There will be no host for this year’s Oscars. On Tuesday ABC confirmed that one of the biggest nights in the film industry would go on without a celebrity presenter.
According to Karey Burke, the new ABC Entertainment president, the cloud of uncertainty looming over the awards show has helped keep it in the public eye.
Burke briefly discussed the telecast during the TV Critics Association tour. He noted that the Academy’s priority was to keep it under three hours. In previous years, the Academy Awards run more than 3 and a half hours, hurt ratings.
Efforts to streamline the awards have proved controversial with those representing below-the-line categories (like sound and production design) objecting to the prospect of certain awards being presented during commercial breaks to speed up the presentation.
Regardless of the efforts to tighten time constraints, tv watchers will see all of the Oscar-nominated songs performed. The Academy has already tweeted that Bradley Cooper and Lady Gaga will sing “Shallow,” the nominee from “A Star is Born.”
Since the announcement of Kevin Hart’s departure as host for the awards, the Academy has stayed silent about their plans, keeping the uncertainty and anticipation going among Industry and fans.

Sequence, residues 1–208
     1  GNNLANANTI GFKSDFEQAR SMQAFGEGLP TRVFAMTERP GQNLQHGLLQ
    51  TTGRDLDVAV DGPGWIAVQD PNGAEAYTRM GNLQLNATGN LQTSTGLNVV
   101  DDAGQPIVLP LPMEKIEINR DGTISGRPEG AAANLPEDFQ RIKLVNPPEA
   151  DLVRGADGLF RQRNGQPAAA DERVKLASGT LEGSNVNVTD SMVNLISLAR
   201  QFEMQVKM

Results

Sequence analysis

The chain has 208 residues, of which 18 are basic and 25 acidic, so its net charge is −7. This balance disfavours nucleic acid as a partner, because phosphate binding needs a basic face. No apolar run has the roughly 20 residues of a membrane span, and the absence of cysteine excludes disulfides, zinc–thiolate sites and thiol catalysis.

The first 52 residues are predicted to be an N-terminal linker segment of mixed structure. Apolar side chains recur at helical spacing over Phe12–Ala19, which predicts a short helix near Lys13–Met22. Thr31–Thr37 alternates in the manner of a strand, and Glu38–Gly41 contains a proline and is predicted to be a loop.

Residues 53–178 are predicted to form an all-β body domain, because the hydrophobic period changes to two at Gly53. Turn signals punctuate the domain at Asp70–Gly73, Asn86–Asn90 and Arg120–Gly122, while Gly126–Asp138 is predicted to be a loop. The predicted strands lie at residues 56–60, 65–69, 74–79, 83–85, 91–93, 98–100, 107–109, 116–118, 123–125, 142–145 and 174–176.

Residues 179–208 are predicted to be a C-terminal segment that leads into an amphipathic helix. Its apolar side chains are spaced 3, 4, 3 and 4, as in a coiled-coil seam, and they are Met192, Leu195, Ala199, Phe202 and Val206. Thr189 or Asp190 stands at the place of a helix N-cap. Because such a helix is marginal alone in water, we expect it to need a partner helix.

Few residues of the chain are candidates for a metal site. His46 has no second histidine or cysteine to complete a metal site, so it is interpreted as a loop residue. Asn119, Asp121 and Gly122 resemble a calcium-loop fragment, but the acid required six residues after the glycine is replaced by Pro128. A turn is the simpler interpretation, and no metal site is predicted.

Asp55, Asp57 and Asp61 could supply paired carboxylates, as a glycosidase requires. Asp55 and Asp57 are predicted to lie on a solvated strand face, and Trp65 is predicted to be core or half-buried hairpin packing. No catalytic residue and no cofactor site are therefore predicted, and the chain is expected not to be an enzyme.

Kevin Hart stepped down from his role as host after his homophobic tweets surfaced.
“I have chosen to step down from hosting this year’s Oscar’s,” Hart, who is currently performing in Sydney, Australia, announced on Twitter. “This is because I do not want to be a distraction on a night that should be celebrated by so many amazingly talented artists.
I sincerely apologize to the LGBTQ community for my insensitive words from my past. I’m sorry that I hurt people… I am evolving and want to continue to do so. My goal is to bring people together not tear us apart. Much love & appreciation to the Academy. I hope we can meet again.”
And, for the first time, ABC will use the Oscars to preview a new series, “Whiskey Cavalier,” an action-drama starring “Scandal’s” Scott Foley that will air after local newscasts.
The Oscar ratings drastically fell last year, but the hope is that nominees like “Black Panther” and “Bohemian Rhapsody” will boost tune-in. The awards will air February 24 on ABC.